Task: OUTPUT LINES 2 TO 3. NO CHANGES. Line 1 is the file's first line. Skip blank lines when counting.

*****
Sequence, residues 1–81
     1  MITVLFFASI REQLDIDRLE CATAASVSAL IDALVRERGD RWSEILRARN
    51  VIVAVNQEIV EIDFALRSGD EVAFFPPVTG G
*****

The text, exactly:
     1  MITVLFFASI REQLDIDRLE CATAASVSAL IDALVRERGD RWSEILRARN
    51  VIVAVNQEIV EIDFALRSGD EVAFFPPVTG G